E. Ramsay Camp, Department of Surgical Oncology; George J. Chang, Department of Surgical Oncology, The University of Texas M.D. Anderson Cancer Center, Houston, TX
E. Ramsay Camp, MD
Department of Surgical Oncology
George J. Chang, MD, MS
Department of Surgical Oncology The University of Texas M.D. Anderson Cancer Center Houston, TX
ABSTRACT Introduction: Pneumatosis cystoides intestinalis (PCI) is defined as bowel wall gas that presents as submucosal or subserosal cysts. A variety of conditions and treatments can lead to this complication, including chemotherapy.
Results and discussion: The authors describe a case of PCI in a patient who had undergone systemic chemotherapy for squamous cell carcinoma of the tongue. The patient's PCI was treated successfully with bowel rest, total parenteral nutrition, and broad-spectrum antibiotics. The presentation, diagnosis, and treatment of this complication are discussed.
Conclusion: PCI is an uncommon complication of chemotherapy, but it should be considered in any cancer patient who presents with vague gastrointestinal or obstructive symptoms. Plain abdominal radiographs and computed tomography scanning are the best modalities for visualizing this condition. Conservative management is possible in clinically stable patients whose PCI does not result from an underlying life-threatening condition, such as ischemic intestinal necrosis.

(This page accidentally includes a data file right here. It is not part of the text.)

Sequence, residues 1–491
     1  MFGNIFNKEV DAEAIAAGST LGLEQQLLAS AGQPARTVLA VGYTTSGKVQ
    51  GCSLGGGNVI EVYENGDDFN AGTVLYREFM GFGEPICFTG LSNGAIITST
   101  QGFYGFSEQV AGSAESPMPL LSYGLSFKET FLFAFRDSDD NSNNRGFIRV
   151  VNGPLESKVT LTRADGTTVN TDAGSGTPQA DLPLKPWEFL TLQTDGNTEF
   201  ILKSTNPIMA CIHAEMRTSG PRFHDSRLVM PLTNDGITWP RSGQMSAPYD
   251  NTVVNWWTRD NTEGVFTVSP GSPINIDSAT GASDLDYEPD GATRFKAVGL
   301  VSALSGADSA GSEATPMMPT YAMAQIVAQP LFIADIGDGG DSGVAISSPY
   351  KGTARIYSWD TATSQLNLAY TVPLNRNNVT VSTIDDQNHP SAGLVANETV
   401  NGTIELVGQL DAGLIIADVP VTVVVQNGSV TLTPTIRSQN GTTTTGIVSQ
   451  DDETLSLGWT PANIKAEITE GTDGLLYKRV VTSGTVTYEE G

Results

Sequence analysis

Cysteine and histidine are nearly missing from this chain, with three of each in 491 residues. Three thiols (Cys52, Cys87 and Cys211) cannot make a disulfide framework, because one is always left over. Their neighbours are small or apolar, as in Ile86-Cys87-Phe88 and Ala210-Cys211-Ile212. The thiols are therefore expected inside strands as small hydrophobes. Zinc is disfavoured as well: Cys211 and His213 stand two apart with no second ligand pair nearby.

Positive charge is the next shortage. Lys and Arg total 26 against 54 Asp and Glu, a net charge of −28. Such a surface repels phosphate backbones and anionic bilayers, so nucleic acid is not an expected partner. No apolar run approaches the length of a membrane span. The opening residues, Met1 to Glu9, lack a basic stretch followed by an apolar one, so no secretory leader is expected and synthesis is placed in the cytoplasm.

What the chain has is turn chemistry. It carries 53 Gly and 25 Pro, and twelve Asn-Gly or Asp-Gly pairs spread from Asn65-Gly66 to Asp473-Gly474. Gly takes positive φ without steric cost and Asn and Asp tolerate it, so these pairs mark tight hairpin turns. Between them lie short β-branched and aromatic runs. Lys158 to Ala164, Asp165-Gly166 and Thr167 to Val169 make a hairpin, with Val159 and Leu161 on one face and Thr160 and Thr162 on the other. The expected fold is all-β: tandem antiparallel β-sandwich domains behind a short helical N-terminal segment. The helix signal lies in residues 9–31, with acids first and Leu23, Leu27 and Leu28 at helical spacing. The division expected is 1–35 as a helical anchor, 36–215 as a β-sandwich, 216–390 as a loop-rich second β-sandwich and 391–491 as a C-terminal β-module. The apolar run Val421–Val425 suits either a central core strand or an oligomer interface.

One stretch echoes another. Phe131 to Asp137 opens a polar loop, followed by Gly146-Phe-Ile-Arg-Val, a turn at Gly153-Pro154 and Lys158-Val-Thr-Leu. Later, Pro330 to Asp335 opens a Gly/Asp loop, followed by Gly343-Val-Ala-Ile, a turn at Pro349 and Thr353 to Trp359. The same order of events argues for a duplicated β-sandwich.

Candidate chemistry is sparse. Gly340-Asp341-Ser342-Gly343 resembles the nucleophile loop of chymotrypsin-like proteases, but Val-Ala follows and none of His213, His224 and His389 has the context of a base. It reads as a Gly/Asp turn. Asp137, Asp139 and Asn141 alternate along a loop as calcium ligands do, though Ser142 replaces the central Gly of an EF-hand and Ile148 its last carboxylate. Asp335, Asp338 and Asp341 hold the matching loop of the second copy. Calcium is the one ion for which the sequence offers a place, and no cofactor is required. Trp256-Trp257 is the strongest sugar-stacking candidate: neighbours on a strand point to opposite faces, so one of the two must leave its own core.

Pneumatosis cystoides intestinalis (PCI) is an uncommon complication in which submucosal or subserosal gas cysts form in the bowel wall. Because PCI is associated with a variety of treatments and both benign and life-threatening conditions, its cause must be identified to ensure that the patient receives proper treatment. We report the case of a patient who developed PCI shortly after receiving chemotherapy for squamous cell carcinoma of the tongue. We also discuss the etiology, diagnosis, and treatment of PCI.
A 44-year-old man was referred to our institution after complications following treatment for bilateral neck recurrences of a T2 N0 M0 squamous cell carcinoma of the tongue. The carcinoma had been treated with partial glossectomy, postoperative radiation administered at 60 Gy to the oral cavity and level I and II lymph node basins, and concurrent chemotherapy with cisplatin and 5-fluorouracil. The cancer metastasized to the patient's neck 6 months later, and he received cisplatin, docetaxel, and erlotinib chemotherapy, followed by comprehensive bilateral lymph node dissections. Six weeks postoperatively, the patient underwent intensity-modulated external beam radiation therapy, administered at 60 to 66 Gy.
The patient presented to the emergency department after 10 days of radiation therapy and reported a 4-day history of nausea and vomiting. He had also experienced watery diarrhea and excessive flatulence the week before and was unable to tolerate any oral intake during the previous 24 hours. He noted no recent abdominal pain, fever, or other symptoms.